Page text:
What Are The Visual Signs Of Avian Influenza?
Influenza is a respiratory virus, and birds/poultry infected with it may display respiratory symptoms such as coughing and wheezing. There may also be nasal discharge, which may be tinged with blood in some cases.
Birds infected with avian influenza frequently act differently than they did before they were infected. They may appear depressed or inactive, and they may eat and drink less than usual. The birds may also become uncoordinated and incapable of standing or walking normally.
Physical signs of avian influenza in birds are visible. The feathers of poultry can become ruffled, and the combs and waddles can turn a bluish-purple color. Combs, waddles, hocks, eyelids, and heads may all experience swelling.
Symptoms Of Avian Influenza In Humans
- Eye Infections
- Muscle Aches
- Nausea And Vomiting
- Sore Throat
- Runny Nose
Signs Of Avian Influenza In Animals
Avian influenza-infected poultry will appear depressed, have ruffled feathers, and refuse to eat. Watery diarrhea in birds can start out bright green and then turn white. The combs and wattles swell and sometimes turn blue. Swelling around the eyes and neck is possible. Pinpoint hemorrhages in the legs are possible. Egg production decreases and eventually ceases. Rarely, the brain can be affected, resulting in twisted heads, circling, or paralysis. Your pet may die unexpectedly without showing any symptoms. Infected mammals will develop a fever, cough, and difficulty breathing, and some will die. 3Go To Source cfsph.iastate.edu -“Avian Influenza Bird Flu”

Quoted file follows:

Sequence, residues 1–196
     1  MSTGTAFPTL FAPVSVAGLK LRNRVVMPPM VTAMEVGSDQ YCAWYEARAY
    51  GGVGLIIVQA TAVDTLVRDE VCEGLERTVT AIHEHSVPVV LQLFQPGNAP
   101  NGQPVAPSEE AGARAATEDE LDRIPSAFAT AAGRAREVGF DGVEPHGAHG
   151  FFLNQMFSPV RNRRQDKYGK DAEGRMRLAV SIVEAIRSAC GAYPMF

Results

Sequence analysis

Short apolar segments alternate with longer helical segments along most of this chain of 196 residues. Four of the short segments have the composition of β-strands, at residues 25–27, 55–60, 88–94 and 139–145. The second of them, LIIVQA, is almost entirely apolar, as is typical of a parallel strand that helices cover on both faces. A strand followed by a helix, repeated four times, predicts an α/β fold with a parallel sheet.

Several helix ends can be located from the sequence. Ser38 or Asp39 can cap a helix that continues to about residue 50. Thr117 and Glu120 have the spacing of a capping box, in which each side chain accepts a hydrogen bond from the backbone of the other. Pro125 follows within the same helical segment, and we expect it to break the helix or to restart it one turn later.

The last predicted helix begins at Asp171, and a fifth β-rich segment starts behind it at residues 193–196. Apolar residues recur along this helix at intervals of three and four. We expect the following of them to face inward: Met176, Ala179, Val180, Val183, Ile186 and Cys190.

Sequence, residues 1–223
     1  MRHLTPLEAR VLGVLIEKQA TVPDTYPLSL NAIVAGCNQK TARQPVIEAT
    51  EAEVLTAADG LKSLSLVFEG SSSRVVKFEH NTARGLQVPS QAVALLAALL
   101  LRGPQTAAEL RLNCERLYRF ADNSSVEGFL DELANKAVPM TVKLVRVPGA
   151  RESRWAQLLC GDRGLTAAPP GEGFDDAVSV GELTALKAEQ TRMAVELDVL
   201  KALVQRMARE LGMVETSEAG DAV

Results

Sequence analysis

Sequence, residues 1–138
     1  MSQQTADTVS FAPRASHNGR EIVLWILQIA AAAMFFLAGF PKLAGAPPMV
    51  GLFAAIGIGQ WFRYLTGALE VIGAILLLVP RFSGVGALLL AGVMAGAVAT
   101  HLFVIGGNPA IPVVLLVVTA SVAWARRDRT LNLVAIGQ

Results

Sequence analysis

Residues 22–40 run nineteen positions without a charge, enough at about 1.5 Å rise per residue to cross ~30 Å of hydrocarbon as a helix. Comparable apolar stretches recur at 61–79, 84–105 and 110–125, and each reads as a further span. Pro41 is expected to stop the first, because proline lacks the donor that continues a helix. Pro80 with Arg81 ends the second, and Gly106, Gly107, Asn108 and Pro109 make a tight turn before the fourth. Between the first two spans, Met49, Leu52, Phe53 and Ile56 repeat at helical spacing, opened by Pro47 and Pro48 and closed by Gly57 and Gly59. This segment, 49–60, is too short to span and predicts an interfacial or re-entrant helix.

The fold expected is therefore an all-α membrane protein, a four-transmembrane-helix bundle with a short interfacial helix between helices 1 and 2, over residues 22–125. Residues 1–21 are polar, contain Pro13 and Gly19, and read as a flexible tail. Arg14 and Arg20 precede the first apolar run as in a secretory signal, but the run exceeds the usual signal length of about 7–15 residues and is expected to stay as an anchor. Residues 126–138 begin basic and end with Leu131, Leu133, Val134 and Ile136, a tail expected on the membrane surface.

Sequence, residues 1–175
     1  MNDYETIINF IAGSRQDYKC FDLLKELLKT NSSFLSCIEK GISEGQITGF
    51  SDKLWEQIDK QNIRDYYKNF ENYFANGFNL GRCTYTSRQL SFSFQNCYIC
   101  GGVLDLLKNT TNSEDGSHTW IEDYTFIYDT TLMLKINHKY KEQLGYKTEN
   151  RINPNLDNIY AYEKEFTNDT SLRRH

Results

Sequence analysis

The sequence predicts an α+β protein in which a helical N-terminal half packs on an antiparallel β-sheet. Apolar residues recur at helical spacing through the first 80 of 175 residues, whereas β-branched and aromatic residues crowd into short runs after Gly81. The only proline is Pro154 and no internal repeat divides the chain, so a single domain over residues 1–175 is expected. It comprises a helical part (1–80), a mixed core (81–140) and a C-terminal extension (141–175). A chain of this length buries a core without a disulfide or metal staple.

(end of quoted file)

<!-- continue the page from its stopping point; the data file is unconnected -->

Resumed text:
How Harmful Is Avian Influenza?
Bird flu can lead to serious complications and even death in some cases. Some people are more susceptible to serious illness than others, just as they are with seasonal flu. Pregnant women, elderly people 65 and older, and those with weak immune systems should be wary of avian influenza.
Antiviral medications can help to lessen the severity of the illness. They may also help people who have been exposed to the flu avoid getting sick. Currently, no vaccine is available to the general public. The government has a vaccine for one type of H5N1 bird flu virus and could distribute it if an outbreak spreads easily from person to person. 4Go To Source medlineplus.gov -“Bird Flu Also called: Avian flu, Avian influenza, H5N1, H7N9”
How To Avoid Contracting Avian Influenza?